I wrote this Independence Day message on June 9, two
days after visiting Pointe du Hoc, Omaha Beach, and the American Cemetery and
Memorial in France. I have had it in the "pending" file since then.
My visit to Normandy occurred one day after the 75th
anniversary of Operation Overlord, the D-Day invasion of Allied Forces that
began the effort to finally defeat the Nazi regime in France.
Pointe du Hoc is where, on D-Day, American soldiers used
rope ladders to scale 100-foot cliffs to disarm suspected German artillery that
would have fired on the soldiers landing on Omaha Beach. On Omaha Beach alone,
U.S. forces suffered around 2000 casualties. The American Cemetery is the final
resting place of more than 9200 American soldiers, including 45 pairs of brothers.
Had Operation Overload not been successful – and if America
had not led the allies in going on to defeat Germany – America almost certainly
would be a far different place than it is today. It is highly unlikely that we
would be celebrating "Independence Day" and recalling the words of the
Declaration of Independence in the same way we do today.
As I was walking on the now-pristine sands of Omaha Beach
and then among the endless rows of simple white marble crosses and Stars of
David at the America cemetery, I couldn't help but recall the words of those
who, either without understanding or lacking seriousness of purpose, wonder
aloud about America's greatness.
There are too many naysayers, of course.
But take these two examples. In March 2019, former Attorney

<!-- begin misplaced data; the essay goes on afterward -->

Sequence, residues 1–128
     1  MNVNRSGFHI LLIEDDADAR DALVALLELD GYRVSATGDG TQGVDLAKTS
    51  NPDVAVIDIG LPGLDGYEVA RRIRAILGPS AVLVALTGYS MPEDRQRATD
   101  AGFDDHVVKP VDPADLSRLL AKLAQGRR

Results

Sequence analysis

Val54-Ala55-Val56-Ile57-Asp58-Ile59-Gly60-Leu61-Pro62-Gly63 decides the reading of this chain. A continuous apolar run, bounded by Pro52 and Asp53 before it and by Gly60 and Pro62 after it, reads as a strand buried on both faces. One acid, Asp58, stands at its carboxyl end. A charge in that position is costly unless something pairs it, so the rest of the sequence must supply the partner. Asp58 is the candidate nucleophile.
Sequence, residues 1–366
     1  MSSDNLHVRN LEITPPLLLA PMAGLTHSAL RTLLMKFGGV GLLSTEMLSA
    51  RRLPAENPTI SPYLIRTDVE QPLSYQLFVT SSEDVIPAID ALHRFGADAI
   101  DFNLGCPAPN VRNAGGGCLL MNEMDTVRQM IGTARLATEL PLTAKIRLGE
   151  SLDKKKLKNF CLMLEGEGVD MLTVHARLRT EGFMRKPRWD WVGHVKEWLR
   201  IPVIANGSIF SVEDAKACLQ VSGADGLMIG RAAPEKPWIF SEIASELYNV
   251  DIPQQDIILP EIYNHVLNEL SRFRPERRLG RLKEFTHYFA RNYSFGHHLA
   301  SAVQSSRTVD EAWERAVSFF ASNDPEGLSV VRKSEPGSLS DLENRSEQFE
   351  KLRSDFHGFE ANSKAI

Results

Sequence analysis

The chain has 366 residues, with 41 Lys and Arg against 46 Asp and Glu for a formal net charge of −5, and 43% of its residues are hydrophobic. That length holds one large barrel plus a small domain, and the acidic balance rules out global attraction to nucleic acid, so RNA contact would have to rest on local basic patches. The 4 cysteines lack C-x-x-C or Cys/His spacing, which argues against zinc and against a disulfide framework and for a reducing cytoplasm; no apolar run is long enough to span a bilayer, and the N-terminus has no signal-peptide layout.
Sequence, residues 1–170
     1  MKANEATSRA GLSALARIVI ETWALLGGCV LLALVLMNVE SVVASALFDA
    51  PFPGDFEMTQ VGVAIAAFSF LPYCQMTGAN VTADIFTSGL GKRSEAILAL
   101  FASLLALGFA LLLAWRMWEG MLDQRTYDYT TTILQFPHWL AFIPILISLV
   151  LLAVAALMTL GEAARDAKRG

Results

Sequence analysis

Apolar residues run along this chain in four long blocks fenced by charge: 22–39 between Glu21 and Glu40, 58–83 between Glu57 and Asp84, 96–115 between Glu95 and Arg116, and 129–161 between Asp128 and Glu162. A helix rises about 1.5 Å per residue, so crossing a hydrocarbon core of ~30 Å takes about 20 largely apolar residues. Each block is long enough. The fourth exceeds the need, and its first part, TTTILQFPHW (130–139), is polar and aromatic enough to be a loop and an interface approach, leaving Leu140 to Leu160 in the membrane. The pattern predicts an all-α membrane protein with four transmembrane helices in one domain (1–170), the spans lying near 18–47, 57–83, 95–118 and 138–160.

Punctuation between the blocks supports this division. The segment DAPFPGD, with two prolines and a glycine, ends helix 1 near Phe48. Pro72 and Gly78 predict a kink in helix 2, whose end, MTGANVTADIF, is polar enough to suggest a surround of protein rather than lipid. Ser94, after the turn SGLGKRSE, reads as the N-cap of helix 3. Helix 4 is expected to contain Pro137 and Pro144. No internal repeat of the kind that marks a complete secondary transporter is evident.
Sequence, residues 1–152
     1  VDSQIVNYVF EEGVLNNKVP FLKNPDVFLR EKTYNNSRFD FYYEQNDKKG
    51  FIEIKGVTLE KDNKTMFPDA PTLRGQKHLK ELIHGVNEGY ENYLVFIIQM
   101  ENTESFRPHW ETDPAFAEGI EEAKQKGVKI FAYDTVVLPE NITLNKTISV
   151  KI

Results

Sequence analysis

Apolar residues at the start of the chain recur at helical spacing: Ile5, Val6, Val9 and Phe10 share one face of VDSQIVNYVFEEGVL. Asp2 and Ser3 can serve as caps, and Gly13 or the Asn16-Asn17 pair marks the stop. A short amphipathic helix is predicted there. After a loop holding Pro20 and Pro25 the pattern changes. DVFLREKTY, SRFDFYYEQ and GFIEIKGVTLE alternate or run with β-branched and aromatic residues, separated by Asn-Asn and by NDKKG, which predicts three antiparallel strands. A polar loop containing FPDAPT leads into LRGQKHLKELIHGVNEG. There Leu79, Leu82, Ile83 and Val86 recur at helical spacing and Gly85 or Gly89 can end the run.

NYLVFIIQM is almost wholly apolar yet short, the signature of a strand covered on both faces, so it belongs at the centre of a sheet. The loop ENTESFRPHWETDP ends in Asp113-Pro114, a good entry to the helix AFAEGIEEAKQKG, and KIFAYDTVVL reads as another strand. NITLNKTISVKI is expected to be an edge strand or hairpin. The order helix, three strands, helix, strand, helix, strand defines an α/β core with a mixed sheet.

General Eric Holder asked: "Exactly when did you think America was
great?" New York Governor Andrew Cuomo suggested in August 2018 that America
"was never that great."
They should be ashamed. They should know better.
Do Eric Holder and Andrew Cuomo not think America was great on
June 6, 1944, and in the succeeding days when it led the Allies in launching
the most successful land invasion in history? If not, it is a travesty to all
those young men who gave their lives on the Normandy beaches in the cause of
America was great then. And on countless occasions before
To be sure, America has not always lived up to its ideals –
the Declaration's self-evident truth that "all men are created equal, that
they are endowed by their Creator with certain unalienable Rights, that among
these are Life, Liberty, and the Pursuit of Happiness." Slavery and Jim
Crow will forever be deep-seated moral stains in the fabric of the American
story. They are examples – and there are others too – of America falling short
of its aspirations.
But falling short of the Declaration's aspirations is not the
same as forever forfeiting the claim to America's greatness.
If you doubt, I urge you, on the miles of narrow roads
approaching the Normandy beaches, to witness the hundreds of American flags
draped from the homes along the way. And the hundreds of posters with the faces
of American heroes hanging from every pole.
So, I maintain that, on the whole, those brave American soldiers
that spilled out of the landing crafts onto Omaha Beach in 1944 – including
those resting forever under the white marble stones – believed they were
fighting to preserve individual freedom and America's independence.
If Eric Holder, Andrew Cuomo, or anyone else ever asks you:
"Exactly when did you think America was great?" just say, please go
to Pointe du Hoc, Omaha Beach, and the American Cemetery and Memorial.
That's something to keep in mind this Independence Day.
PS - My previous Independence Day messages are here: 2007, 2008, 2009, 2010, 2011, 2012, 2013, 2014, 2015, 2016, 2017, and 2018.